In addition to becoming involved in key senate elections, Eyler said the US Chamber is actively lobbying on fiscal, energy, and immigration policy. (KCAW photo/Robert Woolsey)

In addition to becoming involved in key senate elections, Eyler said the US Chamber is actively lobbying on fiscal, energy, and immigration policy. (KCAW photo/Robert Woolsey)

The US Chamber of Commerce has thrown its weight behind the effort to unseat Alaska Sen. Mark Begich in this fall’s election.

Chris Eyler, the executive director of the Northwest Region of the US Chamber of Commerce, says the process of endorsing candidates attempts to be objective, and not every local chamber agrees with the national organization’s picks.

He spoke about election-year politics with the Sitka Chamber of Commerce this week (6-25-14). KCAW’s Robert Woolsey attended and filed this report.


The political ad running on TV stations across Alaska blasts Begich on several issues. Maybe you’ve seen it:

(Ad audio) Obamacare. Mark Begich sided with Washington, putting the bureaucrats in control. EPA regulations that could hurt the Alaska economy and cost jobs, Begich sided with Washington — again.

The ad caught the attention of one regular Sitka Chamber attendee, who wanted to learn more about it when Chris Eyler opened the floor to questions.

Chamber audience – If you quick enough at who sponsors it, it says US Chamber of Commerce. How does that support come about?
Eyler – We look at every single senate race. From our point of view, yes, Sen. Murkowski and Sen. Begich are your senators. They represent you in DC. But they are also making decisions that impact the entire country. So from that point of view, we look at it as our responsibility to look at each race and make a decision about getting involved.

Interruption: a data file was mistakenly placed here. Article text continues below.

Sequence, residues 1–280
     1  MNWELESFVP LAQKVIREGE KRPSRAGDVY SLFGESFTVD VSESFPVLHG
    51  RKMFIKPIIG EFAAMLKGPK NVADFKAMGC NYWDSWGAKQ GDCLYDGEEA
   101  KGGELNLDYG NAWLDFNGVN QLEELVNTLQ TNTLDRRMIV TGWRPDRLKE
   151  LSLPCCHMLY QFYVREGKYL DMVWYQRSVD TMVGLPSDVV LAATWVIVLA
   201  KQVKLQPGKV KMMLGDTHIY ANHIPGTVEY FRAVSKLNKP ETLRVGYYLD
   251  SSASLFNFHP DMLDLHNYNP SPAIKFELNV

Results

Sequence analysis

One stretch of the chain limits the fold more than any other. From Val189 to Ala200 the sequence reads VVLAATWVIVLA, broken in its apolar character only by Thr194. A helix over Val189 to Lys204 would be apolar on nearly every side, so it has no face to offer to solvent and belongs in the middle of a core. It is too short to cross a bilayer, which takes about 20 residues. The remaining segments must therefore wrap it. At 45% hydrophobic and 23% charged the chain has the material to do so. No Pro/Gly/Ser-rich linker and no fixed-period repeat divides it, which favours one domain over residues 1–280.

Eyler told the Sitka Chamber that the national organization’s main function was to lobby congress and the president on policy issues important to business, and that not every statewide or local chamber was on board when it came to backing candidates. He said the candidates were vetted by a questionnaire, interviews, and other research that the US Chamber’s board uses to make a recommendation or not.

In the case of the Alaska Senate race, they’re going with…

(Ad audio) Dan Sullivan puts Alaska first. He has a track record of taking on Washington in the big fights over Obamacare and the out-of-control EPA. That’s Dan Sullivan.

That’s former Attorney General Dan Sullivan, and not Anchorage mayor Dan Sullivan, who’s running for Lt. Governor.

Eyler said there are five senate races the US Chamber considers “toss-ups” this fall, Alaska’s among them. Those five seats, plus two that the Chamber considers “wild cards,” would be enough to give Republicans a majority in the United States Senate, which is currently held by Democrats. Their spending — despite the vetting process — heavily favors Republicans. According to the non-partisan Center for Responsive Politics, the US Chamber has spent just over $14-million in the current election cycle — with $12-million going to support Republicans.

Although the US Chamber has spent some money — around $1-million — opposing some Republicans, it has spent nothing in support of Democrats.

Even though Begich is an incumbent, Eyler said the Alaska Democrat did not pass muster on enough chamber issues to win an endorsement.

“With incumbents, we also have a legislative scorecard. We score votes in the senate, then have a scorecard based on those votes. If a member of the senate doesn’t score above 70-percent, they don’t receive our support. In the case of Sen. Begich, on our most recent scorecard he got 50.”

When the US Chamber released the ad in April of this year, the Anchorage Chamber of Commerce — where Begich served as mayor for many years — immediately distanced itself. In a statement, Anchorage Chamber president Andrew Halcro wrote, “these ads… have no affiliation with the Anchorage Chamber.”

Alaska State Chamber president Rachael Petro told the Alaska Public Radio Network at the time, “We just have no opinion on this topic and we have nothing to do with those ads.”

Sitka Chamber president Ptarmica McConnell said her board receives questions like this often, especially when the US Chamber visits. “We don’t endorse candidates,” she said. “Even though we’re members of the US Chamber, we’re our own Chamber.”